Boston comedy legend Lenny Clark will be in the house

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Lenny Clarke (Courtesy photo)

ROCHESTER - Comedian Lenny Clarke's humor is eclectic and unpredictable, self-deprecating and in-your-face, tender and edgy.

In other words, with Lenny Clarke, you know you're going to laugh; you just don't know what you'll be laughing about.

"I'm a lunatic," he said on Friday during a phone conversation with The Lebanon Voice. "I say what's on my mind, that's how I feel."

Over the years he's used controversial subjects like immigration, even terrorism, politics and global warming for comedic fodder, but he's just as comfortable dealing with relationships between men and women or growing up Catholic for a laugh or two, he said.

He said he might be doing some stuff with those relationships, maybe even diving into the connection between relationships and Facebook when he comes to the Rochester Opera House this coming Friday.

"I've heard from a lot of old friends on Facebook recently," he said. "From friends I haven't seen in years. It was very funny. One girl who contacted me looked great; another I was like 'what happened to you.'"?

Clarke said he got his first big break when he was discovered by superstar comic Rodney Dangerfield, who cast him in his Nothing Goes Right TV movie in 1988 along with another famous comedian, Andrew Dice Clay.

Clarke said when Clay began touring some larger venues, his opening act comic was having a rough go, so Clay called him.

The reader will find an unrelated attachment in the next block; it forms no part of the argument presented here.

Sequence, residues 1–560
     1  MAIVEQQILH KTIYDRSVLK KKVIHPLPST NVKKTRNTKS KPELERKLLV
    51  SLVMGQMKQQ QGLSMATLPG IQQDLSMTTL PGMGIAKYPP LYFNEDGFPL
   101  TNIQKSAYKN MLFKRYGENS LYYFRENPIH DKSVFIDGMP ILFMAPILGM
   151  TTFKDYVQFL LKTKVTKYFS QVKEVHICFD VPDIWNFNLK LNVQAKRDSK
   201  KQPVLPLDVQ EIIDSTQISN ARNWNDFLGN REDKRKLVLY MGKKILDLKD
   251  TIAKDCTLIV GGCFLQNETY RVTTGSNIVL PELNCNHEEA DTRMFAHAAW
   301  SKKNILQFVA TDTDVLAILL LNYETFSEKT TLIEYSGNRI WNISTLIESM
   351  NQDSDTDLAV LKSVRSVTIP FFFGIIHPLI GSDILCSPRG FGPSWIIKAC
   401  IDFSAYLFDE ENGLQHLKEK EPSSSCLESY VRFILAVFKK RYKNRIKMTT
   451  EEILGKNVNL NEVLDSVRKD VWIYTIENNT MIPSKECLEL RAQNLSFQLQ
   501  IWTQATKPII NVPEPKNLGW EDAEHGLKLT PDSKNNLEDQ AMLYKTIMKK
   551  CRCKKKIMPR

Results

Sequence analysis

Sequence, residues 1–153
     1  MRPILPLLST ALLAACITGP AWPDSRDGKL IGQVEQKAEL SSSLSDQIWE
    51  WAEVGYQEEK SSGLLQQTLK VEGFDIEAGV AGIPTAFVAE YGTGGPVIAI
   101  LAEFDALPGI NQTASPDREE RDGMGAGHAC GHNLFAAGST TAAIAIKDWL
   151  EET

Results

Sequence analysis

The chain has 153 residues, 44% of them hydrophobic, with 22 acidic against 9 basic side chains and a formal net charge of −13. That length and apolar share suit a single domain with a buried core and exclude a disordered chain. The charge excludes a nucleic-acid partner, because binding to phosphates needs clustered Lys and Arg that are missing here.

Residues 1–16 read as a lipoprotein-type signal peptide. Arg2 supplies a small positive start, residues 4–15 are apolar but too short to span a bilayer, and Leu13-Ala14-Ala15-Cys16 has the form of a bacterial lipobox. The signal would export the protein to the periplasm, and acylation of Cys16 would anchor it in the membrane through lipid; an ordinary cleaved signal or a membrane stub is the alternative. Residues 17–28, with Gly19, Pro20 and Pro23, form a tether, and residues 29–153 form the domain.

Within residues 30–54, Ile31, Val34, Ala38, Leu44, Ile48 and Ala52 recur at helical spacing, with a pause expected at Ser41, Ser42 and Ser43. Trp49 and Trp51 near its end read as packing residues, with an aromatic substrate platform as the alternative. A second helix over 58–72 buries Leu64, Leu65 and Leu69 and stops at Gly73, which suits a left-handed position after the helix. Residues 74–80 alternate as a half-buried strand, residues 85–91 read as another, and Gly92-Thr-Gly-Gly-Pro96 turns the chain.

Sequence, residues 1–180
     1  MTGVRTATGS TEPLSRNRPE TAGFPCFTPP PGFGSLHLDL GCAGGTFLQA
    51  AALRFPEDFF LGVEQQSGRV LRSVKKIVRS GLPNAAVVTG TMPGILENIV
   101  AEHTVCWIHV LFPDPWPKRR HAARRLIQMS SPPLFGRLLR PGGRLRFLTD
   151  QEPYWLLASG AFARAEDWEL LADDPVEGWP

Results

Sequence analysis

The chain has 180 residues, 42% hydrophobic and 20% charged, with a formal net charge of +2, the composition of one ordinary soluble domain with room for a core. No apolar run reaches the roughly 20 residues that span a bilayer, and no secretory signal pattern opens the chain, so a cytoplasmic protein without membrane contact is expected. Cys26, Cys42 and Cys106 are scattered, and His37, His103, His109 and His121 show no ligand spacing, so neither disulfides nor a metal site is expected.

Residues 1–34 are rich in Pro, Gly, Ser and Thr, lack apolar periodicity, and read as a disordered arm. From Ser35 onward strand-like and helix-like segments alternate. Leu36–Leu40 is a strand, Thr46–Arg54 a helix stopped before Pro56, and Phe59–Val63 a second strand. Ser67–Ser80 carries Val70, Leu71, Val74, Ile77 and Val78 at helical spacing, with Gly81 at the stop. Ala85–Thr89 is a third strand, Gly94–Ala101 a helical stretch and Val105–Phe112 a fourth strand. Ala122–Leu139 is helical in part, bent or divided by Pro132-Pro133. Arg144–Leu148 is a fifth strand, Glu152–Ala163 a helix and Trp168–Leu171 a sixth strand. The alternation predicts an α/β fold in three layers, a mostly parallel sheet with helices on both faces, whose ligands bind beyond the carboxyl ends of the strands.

"Andrew's opening guy was getting booed, so I took over," Clarke said. "We did Arizona and packed in 3,200, then St. Louis for 5,000, then 7,000 in Chicago and 28,000 in New York. "I'd still be opening for him, but he was too cheap.

"Yeah, you can quote me on that," he adds.

Clarke has appeared in many films like There's Something About Mary, where he plays the firefighter who finds Ted in serious trouble in the bathroom early in the film, as well as Fever Pitch, Me, Myself and Irene; and Southie. He's also starred on TV shows like "The Job," "The John Larroquette Show" and in the recurring role as Uncle Teddy on the FX comedy drama "Rescue Me."

Clarke's humor draws much on life experience like growing up going to parochial school and his Boston roots.

In the 1980s he was known as one of the top Boston saloon comics, often collaborating with other Boston funny men like Steven Wright and Denis Leary.

Other comics he's inspired by include Dangerfield, Richard Pryor, George Carlin and Sam Kennison.

Comedian Tumbling Jack Walsh will open for Clarke Friday at the Rochester Opera House, which will be hosting Clarke for the first time.

The show, which is Rated R, begins at 8 p.m. For tickets, click here.

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